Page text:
To the Editor:
By now, you’ve no doubt heard about the meals tax referendum Fairfax County voters will face this November.
Should it pass, the Board of Supervisors will have the authority to implement a 4-percent tax on prepared foods to generate money for our school system, capital improvements, and to help with real estate tax relief. Should it fail, the county will continue to rely predominantly on property taxes to generate revenue.
But what I’d like to discuss today is how we arrived at this point.
As the chairman of our board’s Budget and Legislative Committees, I’m constantly looking for ways to fully fund our world-class school system and great county services while also ensuring we’re not taxing our most vulnerable and aging residents out of Fairfax County.
Virginia law severely limits the ways the Board of Supervisors can raise revenues. In fact, real estate and personal property taxes accounted for approximately 79.7 percent of General Fund revenues in our recently-adopted Fiscal Year 2017 budget. The state does give the board the authority to place a meals tax referendum on the ballot, however.
I supported this action because I believe our residents should weigh in on how best for us to diversify our tax base. Such a tax is estimated to generate $100 million in new revenue, one-third of which is expected to come from non-residents visiting Fairfax County. It’s certainly not the silver bullet for our budget challenges, but constantly increasing property taxes is not the answer.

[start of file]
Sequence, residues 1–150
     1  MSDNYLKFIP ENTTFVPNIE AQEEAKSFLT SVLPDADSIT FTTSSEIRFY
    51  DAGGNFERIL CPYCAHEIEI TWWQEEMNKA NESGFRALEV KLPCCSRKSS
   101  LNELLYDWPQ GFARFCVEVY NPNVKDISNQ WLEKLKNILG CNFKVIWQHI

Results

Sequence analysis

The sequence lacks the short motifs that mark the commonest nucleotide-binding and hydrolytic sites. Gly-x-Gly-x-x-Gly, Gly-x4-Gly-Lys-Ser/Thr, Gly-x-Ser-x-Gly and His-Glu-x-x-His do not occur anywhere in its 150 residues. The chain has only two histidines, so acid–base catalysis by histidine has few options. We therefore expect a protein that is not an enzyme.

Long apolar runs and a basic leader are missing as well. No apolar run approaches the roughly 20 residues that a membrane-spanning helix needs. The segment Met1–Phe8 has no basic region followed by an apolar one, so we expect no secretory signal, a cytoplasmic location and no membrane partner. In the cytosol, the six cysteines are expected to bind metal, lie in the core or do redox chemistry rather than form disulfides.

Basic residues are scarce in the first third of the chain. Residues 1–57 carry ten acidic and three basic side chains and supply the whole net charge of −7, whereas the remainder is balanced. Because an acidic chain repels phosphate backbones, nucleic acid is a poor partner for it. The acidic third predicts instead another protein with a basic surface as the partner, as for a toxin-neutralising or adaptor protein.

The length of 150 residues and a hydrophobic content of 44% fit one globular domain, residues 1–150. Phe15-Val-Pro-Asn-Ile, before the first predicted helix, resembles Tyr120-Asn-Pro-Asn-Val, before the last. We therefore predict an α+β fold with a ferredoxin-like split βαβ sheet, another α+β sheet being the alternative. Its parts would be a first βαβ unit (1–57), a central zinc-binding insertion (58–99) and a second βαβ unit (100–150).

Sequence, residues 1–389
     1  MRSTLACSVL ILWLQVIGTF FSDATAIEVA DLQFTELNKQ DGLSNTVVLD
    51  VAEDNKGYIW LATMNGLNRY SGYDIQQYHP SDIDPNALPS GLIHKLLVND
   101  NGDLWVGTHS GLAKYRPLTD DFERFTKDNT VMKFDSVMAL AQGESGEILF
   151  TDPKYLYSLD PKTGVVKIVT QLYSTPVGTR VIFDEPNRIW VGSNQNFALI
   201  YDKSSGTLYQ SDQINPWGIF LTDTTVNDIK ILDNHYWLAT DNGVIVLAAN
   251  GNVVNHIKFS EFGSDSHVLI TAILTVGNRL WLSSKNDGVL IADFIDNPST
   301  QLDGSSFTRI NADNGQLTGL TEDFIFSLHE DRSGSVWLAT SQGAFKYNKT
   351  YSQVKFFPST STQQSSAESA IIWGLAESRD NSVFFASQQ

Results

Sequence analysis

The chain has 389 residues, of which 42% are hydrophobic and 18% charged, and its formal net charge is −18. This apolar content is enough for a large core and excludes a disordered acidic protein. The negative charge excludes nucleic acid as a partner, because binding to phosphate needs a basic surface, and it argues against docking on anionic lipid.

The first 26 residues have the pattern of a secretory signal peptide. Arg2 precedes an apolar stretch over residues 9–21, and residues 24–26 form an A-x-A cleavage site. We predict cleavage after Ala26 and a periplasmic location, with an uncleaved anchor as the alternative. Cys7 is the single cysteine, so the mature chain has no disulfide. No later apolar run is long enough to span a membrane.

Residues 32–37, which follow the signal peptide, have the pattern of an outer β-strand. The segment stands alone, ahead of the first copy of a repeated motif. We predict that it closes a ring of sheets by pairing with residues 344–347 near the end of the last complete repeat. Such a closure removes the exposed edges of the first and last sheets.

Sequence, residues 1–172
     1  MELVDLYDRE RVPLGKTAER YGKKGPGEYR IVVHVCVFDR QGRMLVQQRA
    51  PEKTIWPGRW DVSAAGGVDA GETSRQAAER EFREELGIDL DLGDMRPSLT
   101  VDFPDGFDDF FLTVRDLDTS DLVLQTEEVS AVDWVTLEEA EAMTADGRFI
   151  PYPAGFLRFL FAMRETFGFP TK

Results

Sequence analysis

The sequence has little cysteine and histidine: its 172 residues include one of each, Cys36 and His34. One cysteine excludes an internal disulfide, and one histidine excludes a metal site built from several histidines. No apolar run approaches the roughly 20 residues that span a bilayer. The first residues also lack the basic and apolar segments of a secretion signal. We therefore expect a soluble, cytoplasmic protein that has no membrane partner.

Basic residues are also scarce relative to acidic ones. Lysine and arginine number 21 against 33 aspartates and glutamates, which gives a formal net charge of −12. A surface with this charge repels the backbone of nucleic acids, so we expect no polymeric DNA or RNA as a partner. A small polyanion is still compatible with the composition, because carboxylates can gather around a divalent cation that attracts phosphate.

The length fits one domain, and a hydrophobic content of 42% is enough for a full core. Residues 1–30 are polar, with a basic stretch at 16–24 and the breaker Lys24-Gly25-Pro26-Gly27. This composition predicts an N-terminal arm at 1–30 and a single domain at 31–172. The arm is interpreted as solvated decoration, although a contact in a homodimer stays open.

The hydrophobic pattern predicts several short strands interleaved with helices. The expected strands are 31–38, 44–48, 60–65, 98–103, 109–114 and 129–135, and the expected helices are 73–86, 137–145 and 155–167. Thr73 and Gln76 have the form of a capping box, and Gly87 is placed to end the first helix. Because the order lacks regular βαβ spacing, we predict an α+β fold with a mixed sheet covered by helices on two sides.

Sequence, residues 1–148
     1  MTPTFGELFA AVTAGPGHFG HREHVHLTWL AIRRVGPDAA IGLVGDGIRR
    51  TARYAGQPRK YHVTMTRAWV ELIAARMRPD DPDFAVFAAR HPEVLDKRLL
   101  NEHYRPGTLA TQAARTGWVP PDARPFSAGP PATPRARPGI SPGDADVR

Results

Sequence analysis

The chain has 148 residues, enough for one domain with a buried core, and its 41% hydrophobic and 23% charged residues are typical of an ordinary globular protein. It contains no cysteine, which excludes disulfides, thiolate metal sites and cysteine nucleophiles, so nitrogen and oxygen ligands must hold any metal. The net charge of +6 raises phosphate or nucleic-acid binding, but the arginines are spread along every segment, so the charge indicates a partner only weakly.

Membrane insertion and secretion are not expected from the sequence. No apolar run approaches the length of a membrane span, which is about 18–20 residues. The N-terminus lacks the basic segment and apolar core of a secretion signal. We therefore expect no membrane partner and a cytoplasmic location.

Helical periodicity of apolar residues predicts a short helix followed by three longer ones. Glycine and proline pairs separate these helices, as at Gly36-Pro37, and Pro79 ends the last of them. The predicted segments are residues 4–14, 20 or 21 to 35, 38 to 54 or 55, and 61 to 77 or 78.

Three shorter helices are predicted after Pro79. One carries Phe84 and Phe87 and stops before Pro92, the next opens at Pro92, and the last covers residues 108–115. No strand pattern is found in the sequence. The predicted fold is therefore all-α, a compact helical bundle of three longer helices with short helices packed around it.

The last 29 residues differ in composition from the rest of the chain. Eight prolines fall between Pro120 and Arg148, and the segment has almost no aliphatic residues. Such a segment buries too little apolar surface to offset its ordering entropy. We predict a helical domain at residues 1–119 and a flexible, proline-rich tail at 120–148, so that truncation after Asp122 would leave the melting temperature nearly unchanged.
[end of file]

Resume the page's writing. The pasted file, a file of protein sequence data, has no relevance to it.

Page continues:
The needs of Fairfax County Public Schools (FCPS) are growing; our residents expect our county programming to remain fully funded and operate at best-in-the-nation standards; yet our ability to look elsewhere to fund our budget is basically nonexistent. This is why you hear about significant potential cuts to school and county programming and budget shortfalls.
What’s more, the Commonwealth chronically underfunds FCPS, only adding to our dilemma here in Fairfax County. It costs roughly $13,000 to educate a student in our school system. Of that, Fairfax County pays about $10,000. The state pays about $3,000. In neighboring Prince William County, however, the county-state funding split is 50/50. It costs $10,000 to educate a Prince William student, of which the state pays $5,000 and the County pays $5,000. This inadequacy is because of an outdated funding formula that primarily only measures wealth with no cost of living consideration in deciding how much money each school system in the state should receive. As you can imagine, this puts us in a real bind when compared to the rest of the state. The Board of Supervisors and School Board are working hard with most of our Northern Virginia delegation to help solve this, but it’s no quick fix.
So when you send in your absentee ballots, vote in-person at one of our satellite locations, or hit the polls on Nov. 8, I’d hope you consider the predicament the county is in.
Lee District Supervisor